Develop other language credibility – Any code that you can point to that does not run the risk of being labeled enterprisey is better than nothing. As stated before, some startups perceive functional programming interest as a marker for ability, so even an implementation of a typical interview exercise in a functional language (or one different from your primary) has value. Provide links to this code on your résumé and reference any personal projects that are applicable.
Stop calling yourself ‘LANGUAGE Developer’ – I do it too (all the time), but you should not. Use whatever you feel is appropriate – Software Engineer, Programmer, Developer, Geek – but stop inserting a language when describing yourself on paper or verbally. And perhaps more importantly, stop thinking of yourself as a LANGUAGE Developer. Sometimes you may need to dumb it down so the clueless recruiter will find you, but try to minimize those instances the best you can (and do you really want that recruiter to find you anyway?).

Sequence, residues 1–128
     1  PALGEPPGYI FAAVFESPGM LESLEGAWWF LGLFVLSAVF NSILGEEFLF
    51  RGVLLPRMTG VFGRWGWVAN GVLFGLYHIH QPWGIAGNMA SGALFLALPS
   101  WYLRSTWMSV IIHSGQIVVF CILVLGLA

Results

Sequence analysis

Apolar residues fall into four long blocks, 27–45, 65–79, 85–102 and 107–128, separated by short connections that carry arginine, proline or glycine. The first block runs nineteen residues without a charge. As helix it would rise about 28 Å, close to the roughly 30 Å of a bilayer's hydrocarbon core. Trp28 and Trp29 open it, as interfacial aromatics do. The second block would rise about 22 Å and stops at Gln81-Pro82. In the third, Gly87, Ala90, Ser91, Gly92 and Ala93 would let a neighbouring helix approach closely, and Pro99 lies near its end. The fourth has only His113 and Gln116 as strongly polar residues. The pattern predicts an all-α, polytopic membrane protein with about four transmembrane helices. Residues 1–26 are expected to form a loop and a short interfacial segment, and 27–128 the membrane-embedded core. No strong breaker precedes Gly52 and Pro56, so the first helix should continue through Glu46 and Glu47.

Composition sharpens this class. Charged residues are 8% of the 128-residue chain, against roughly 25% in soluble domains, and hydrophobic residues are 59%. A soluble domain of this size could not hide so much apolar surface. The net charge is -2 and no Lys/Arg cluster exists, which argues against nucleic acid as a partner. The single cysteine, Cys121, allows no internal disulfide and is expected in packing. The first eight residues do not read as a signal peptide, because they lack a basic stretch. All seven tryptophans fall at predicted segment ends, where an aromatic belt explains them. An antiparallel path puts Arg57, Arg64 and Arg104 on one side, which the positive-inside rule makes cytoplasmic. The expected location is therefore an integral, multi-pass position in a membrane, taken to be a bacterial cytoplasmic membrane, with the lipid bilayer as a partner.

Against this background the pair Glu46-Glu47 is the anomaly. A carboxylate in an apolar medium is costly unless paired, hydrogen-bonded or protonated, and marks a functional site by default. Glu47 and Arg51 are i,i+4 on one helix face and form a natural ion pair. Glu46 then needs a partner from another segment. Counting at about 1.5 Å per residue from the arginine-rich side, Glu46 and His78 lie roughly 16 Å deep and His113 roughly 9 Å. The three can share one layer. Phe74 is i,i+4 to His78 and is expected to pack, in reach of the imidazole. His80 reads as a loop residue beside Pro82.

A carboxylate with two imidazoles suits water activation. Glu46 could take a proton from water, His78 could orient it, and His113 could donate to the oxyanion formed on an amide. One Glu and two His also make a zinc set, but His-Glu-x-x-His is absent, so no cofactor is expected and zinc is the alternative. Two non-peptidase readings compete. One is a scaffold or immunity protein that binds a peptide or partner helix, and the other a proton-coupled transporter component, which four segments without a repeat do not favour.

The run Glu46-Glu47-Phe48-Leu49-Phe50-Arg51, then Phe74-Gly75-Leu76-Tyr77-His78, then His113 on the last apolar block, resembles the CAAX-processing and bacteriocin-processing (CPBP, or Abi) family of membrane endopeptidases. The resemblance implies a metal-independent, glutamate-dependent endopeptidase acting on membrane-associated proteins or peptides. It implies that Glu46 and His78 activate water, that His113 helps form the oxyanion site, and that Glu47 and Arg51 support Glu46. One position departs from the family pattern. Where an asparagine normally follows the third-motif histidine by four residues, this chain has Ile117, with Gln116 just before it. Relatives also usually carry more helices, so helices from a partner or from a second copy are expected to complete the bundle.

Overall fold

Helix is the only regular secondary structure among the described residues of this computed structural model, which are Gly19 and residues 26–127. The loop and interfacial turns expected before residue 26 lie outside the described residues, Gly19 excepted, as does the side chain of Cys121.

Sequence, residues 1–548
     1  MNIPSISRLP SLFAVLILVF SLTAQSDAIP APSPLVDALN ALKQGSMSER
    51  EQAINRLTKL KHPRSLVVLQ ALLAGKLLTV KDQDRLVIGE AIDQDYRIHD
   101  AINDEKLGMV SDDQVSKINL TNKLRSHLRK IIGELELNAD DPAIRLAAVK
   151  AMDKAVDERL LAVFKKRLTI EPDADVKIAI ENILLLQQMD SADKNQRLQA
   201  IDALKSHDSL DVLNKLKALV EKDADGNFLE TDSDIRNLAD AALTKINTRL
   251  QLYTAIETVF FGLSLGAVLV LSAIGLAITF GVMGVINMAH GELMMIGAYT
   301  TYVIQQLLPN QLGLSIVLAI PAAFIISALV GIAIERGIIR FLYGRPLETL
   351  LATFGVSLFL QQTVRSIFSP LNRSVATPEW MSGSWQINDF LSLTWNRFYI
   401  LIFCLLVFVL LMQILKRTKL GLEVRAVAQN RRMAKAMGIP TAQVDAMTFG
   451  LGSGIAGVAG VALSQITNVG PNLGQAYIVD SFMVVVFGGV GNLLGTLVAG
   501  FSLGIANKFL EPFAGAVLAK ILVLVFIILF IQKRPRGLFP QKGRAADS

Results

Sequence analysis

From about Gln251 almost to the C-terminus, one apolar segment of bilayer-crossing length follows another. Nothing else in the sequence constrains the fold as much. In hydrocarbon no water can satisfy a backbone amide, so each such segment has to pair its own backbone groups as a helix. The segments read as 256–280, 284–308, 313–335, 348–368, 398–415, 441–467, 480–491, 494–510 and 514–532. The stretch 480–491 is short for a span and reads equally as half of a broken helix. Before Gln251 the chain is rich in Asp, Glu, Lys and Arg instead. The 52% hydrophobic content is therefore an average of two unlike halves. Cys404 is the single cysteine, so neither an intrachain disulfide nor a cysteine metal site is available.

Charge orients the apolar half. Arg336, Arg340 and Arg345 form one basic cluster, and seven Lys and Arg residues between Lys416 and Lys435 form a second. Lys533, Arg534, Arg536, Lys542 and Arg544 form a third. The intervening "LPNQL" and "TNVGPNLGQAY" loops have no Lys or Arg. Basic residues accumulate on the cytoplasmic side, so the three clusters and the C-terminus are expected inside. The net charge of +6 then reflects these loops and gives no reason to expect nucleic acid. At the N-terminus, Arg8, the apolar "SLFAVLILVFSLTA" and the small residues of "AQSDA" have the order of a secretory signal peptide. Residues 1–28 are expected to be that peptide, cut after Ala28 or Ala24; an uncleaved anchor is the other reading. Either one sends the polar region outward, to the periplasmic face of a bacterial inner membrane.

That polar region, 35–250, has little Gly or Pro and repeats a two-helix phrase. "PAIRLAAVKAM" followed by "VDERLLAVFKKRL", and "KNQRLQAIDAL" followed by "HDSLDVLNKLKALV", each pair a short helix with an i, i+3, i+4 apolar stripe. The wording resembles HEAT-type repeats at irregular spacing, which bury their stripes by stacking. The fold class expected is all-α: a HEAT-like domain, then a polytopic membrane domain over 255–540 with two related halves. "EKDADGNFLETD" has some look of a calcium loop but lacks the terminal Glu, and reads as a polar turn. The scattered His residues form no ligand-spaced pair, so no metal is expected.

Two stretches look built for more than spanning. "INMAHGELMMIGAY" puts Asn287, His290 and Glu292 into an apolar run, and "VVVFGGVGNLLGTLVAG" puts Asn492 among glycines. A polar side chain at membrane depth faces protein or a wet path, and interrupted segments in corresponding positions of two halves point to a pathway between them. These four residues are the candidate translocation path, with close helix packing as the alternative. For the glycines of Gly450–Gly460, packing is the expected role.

Express your outside interests – Just because you get paid by some insurance company to write Java/.Net apps all day doesn’t mean that is who you are. If you are exploring other languages through books, conferences, and self-study, make that known in whatever way may be discovered during your job search (résumé, blog, social media, etc.). Hobbies like robotics, Raspberry Pi, and Arduino are probably unrelated to your job but not necessarily unrelated to your career. Any technical interests beyond the primary function of your job demonstrate at least some level of versatility and the ability to adapt outside of your enterprisey 9 to 5.